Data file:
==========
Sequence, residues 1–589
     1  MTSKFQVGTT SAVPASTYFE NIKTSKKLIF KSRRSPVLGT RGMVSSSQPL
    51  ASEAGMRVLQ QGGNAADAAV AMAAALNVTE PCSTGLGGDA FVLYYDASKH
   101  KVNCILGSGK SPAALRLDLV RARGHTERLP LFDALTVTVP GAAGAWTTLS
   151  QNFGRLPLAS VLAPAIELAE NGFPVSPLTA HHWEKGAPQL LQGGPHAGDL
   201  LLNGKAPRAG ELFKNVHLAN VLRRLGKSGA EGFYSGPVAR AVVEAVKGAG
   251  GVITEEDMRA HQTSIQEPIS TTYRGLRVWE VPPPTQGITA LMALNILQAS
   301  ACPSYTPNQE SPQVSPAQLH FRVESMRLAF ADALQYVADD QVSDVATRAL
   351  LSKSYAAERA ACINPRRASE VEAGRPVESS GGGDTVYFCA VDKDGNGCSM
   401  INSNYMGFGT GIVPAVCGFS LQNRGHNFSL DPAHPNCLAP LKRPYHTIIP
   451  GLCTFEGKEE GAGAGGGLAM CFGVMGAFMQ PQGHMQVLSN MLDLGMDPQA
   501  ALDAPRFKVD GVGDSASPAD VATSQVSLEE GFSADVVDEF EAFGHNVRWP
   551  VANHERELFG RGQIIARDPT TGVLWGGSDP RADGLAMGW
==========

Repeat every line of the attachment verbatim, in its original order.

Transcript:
Sequence, residues 1–589
     1  MTSKFQVGTT SAVPASTYFE NIKTSKKLIF KSRRSPVLGT RGMVSSSQPL
    51  ASEAGMRVLQ QGGNAADAAV AMAAALNVTE PCSTGLGGDA FVLYYDASKH
   101  KVNCILGSGK SPAALRLDLV RARGHTERLP LFDALTVTVP GAAGAWTTLS
   151  QNFGRLPLAS VLAPAIELAE NGFPVSPLTA HHWEKGAPQL LQGGPHAGDL
   201  LLNGKAPRAG ELFKNVHLAN VLRRLGKSGA EGFYSGPVAR AVVEAVKGAG
   251  GVITEEDMRA HQTSIQEPIS TTYRGLRVWE VPPPTQGITA LMALNILQAS
   301  ACPSYTPNQE SPQVSPAQLH FRVESMRLAF ADALQYVADD QVSDVATRAL
   351  LSKSYAAERA ACINPRRASE VEAGRPVESS GGGDTVYFCA VDKDGNGCSM
   401  INSNYMGFGT GIVPAVCGFS LQNRGHNFSL DPAHPNCLAP LKRPYHTIIP
   451  GLCTFEGKEE GAGAGGGLAM CFGVMGAFMQ PQGHMQVLSN MLDLGMDPQA
   501  ALDAPRFKVD GVGDSASPAD VATSQVSLEE GFSADVVDEF EAFGHNVRWP
   551  VANHERELFG RGQIIARDPT TGVLWGGSDP RADGLAMGW